Meh. The fighting was kinda cool.
One of the aspects that made the first two X-Men movies work so well derived from Bryan Singer’s meticulous attention toward character driven storylines. As neat as the CGI segments and fighting looked the characters were what actually mattered in the first two movies. Even with a large ensemble cast Singer found ways to explore the relationships and complexities of his characters. He did the same thing with his film “The Usual Suspects,” and I’m certain the critical and artistic success of that film had a lot to do with Singer landing the first two films.
If that’s what you liked about the first films then you’re gonna be mighty disappointed with the third one. Brett Ratner either cares very little for character driven stories or he lacks the directorial chops to pull one off. Of course, I’ve only seen four of his films aside from this one (Rush Hour I & II, Money Talks, Red Dragon), so perhaps this is just an aberration.
Regardless, the sections of the film in-between the massive fight scenes drag unbearably, and I found myself cringing at more than quite a few lines of dialogue. As the film opens Scott Summers and Logan are still mourning the death of Jean Grey, but Ratner’s trying so hard to cram so much stuff into the first act that we never get the opportunity to feel any sympathy for either of them.
Predictably, the most impassioned exchanges of dialogue occur between Patrick Stewart and Ian McKellan, but sadly we only get two short scenes where these two thespians interact. The rest of the time we spend bouncing from character to character, never spending enough time with any one of them to care an ounce about what they’ve got going on. And that’s a major problem, because since we haven’t formed any real attachments the “emotional” moments of the film fall completely flat.
And I may get flamed for this, but Halle Berry is a dreadful actress in this franchise. For the past two movies she complained that she didn’t have enough to do in the films. She claimed she had terrible dialogue (she did) and that her character didn’t fight very well or quite enough (ditto for that one). After seeing more of her in this movie I understand why Singer limited her screen-time.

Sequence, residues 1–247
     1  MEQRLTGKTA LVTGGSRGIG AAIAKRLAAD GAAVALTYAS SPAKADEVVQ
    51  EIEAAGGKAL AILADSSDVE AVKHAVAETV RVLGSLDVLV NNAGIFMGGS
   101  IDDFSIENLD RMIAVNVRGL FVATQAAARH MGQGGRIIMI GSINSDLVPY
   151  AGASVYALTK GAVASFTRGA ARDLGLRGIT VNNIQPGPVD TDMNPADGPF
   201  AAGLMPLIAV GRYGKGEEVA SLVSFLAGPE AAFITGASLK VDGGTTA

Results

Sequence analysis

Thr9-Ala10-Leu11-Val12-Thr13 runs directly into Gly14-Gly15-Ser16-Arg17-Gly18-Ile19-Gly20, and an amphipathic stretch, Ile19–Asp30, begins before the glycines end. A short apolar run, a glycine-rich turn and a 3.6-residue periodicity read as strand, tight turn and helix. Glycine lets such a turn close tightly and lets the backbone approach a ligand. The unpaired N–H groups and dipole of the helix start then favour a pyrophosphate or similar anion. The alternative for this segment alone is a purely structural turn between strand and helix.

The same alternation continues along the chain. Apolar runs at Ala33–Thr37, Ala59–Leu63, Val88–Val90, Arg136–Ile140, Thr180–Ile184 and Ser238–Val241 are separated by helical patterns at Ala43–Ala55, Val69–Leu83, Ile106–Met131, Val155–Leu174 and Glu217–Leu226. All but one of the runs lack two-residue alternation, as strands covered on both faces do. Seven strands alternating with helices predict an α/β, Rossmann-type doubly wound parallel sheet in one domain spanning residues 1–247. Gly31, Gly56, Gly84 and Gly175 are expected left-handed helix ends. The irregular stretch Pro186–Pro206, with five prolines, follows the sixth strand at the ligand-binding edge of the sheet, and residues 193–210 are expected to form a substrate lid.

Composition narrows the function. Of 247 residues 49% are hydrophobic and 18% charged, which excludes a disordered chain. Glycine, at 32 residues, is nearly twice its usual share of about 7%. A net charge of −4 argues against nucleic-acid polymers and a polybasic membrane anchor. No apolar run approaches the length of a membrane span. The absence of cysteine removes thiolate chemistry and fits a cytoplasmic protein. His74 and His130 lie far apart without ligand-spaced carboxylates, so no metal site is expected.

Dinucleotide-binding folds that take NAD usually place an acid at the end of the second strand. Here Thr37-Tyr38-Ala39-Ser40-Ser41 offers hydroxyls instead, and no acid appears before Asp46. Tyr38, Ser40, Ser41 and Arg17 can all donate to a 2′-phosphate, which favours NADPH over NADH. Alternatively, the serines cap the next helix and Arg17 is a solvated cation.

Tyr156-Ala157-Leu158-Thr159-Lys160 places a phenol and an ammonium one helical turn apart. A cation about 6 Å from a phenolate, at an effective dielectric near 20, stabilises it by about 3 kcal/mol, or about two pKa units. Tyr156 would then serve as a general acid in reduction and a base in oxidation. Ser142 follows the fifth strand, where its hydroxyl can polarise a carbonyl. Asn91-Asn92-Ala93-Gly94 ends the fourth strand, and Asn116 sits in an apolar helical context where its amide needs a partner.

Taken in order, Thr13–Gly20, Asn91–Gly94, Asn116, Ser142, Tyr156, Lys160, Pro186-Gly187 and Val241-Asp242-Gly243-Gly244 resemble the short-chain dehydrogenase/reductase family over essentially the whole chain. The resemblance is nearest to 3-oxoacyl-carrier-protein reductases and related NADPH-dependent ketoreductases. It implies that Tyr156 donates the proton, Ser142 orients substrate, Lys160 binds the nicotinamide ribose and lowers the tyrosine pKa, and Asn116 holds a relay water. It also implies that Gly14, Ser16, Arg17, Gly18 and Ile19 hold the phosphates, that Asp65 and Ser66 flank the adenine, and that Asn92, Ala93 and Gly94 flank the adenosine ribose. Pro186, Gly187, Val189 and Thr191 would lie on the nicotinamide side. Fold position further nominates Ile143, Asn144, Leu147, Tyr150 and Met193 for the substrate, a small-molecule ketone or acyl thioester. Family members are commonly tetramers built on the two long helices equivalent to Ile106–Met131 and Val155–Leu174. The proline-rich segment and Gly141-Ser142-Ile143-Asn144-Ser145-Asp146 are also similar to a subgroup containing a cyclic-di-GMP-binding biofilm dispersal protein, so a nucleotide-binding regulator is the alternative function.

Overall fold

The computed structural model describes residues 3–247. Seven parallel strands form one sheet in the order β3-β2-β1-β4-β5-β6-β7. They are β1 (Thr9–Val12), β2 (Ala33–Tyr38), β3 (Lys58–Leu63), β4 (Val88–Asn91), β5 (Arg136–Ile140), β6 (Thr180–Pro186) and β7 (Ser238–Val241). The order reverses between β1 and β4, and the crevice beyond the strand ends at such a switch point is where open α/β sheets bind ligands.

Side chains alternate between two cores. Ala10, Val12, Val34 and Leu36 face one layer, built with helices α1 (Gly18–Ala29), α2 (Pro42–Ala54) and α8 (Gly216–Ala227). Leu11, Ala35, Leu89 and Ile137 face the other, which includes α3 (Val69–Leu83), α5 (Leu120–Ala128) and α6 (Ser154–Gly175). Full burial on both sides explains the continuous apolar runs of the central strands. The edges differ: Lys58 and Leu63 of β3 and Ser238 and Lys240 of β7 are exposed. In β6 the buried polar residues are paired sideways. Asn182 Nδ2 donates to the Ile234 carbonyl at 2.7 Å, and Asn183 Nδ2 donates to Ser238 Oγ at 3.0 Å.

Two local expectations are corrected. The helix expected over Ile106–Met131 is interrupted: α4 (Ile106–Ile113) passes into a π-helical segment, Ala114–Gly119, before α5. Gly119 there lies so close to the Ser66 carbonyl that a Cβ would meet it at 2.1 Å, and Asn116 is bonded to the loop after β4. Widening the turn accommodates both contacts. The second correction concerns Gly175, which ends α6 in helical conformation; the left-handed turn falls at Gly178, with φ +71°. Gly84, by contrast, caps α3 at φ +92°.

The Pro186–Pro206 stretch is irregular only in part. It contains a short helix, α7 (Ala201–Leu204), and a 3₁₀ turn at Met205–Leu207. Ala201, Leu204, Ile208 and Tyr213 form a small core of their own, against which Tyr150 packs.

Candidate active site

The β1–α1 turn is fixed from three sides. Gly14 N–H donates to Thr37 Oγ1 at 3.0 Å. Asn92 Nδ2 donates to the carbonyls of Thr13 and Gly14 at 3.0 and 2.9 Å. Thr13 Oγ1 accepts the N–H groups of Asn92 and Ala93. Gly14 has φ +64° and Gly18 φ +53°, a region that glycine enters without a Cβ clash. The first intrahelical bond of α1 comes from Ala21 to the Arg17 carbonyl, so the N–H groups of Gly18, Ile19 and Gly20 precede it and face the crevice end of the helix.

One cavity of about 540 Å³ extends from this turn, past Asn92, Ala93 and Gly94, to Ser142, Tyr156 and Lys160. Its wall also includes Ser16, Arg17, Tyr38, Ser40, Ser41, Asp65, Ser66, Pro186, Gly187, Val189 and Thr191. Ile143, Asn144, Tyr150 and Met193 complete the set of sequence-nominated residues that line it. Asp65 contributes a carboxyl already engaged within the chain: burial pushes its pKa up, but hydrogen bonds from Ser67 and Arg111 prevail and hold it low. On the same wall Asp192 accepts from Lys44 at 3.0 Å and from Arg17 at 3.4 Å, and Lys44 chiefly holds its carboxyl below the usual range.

The fight scenes are quite good, though. We finally see large groups of mutants slugging it out, which is a real treat. Hugh Jackman continues to impress the hell out of me as Wolverine. We even get a glimpse of the militaristic side of the old canucklehead when Jackman calls for the good mutants to “Hold This Line!” Vinne Jones, who plays Juggernaut, also does an outstanding job, as does Eric Dane who portrays Jamie “Multiple Man” Madrox. And to answer your question, yes, Kelsey Grammar does an outstanding job as Hank McCoy, and yes, he does utter the line “Oh my stars and garters” and even manages to make it sound cool.
But again, we don’t get enough time with these characters, and that’s a real shame, because just their small moments onscreen delighted this fanboy.
So, go see it if you want, but just know that you’re getting a lesser quality X-film than you did with the previous two. Oh, and stay until after the credits.
Now I’m gonna talk about some nit-picky, extremely nerdy, aspects of the film that really pissed me off, but I’m going to write them in white lettering because they contain massive spoilers. And I’m not kidding about that: MASSIVE SPOILERS AHEAD! So if you want to read them, highlight the “blank” portion below.
In no particular order:
1. When Logan argues with Charles he should call him “Chuck.” Enough with the “professor” already.
2. Cyclops dies twenty minutes into the film? Wha? Are they punishing Mardsen for appearing in Singer’s “Superman?”
3. When Colossus fights he should always transform into his steel amour and remain transformed for the duration of the fight. Why the hell is he running around in the midst of battle in his human form? That makes no damn sense.
3 While we’re on Colossus, he’s Russian, dammit. He speaks English with a heavy accent, not with some non-regional slightly slackerish accent. He sounded like Ted Theodore Logan, for God’s sake.
4. Warren Worthington’s more boring on film than in the comics? How’s that possible? And he saves his dad at the end by swooping down and catching him? Awww. Ain’t that cute. Where’s Apocalypse when you need him?
5. Charles is a powerful psychic, but even he couldn’t reconstitute himself after someone atomizes him. Com’on!
6. Why does Wolvie not look for Scott at Alkaline Lake? He found his Ruby Quartz glasses floating in the air but he never thought to look for him? And why the hell doesn’t Wolvie use his nose to track for people in the film? He’s an amazing tracker who can sense people for miles around, yet the fog gives him a problem. And Storm hadda be told to disperse that fog with her silly weather powers? And now she’s the leader of the X-Men? Great”¦that’s just great.
7 Speaking of little Miss Ororo, we know what her powers are. Every time she uses them we don’t need the dramatic music to start playing, or her eyes to cloud over slower than Charles maneuvers up stairs, or the goofy camera-pull-back. We get it. She controls weather. Get on with the movie.
8. I’m fine with Wolvie losing to Juggernaut, but he should have at least cut him up a little. Juggy’s powerful and nearly unstoppable once he gets moving, but he’s not that all that quick.
I’ll probably think of more later but unless you ask I’ll keep’em to myself.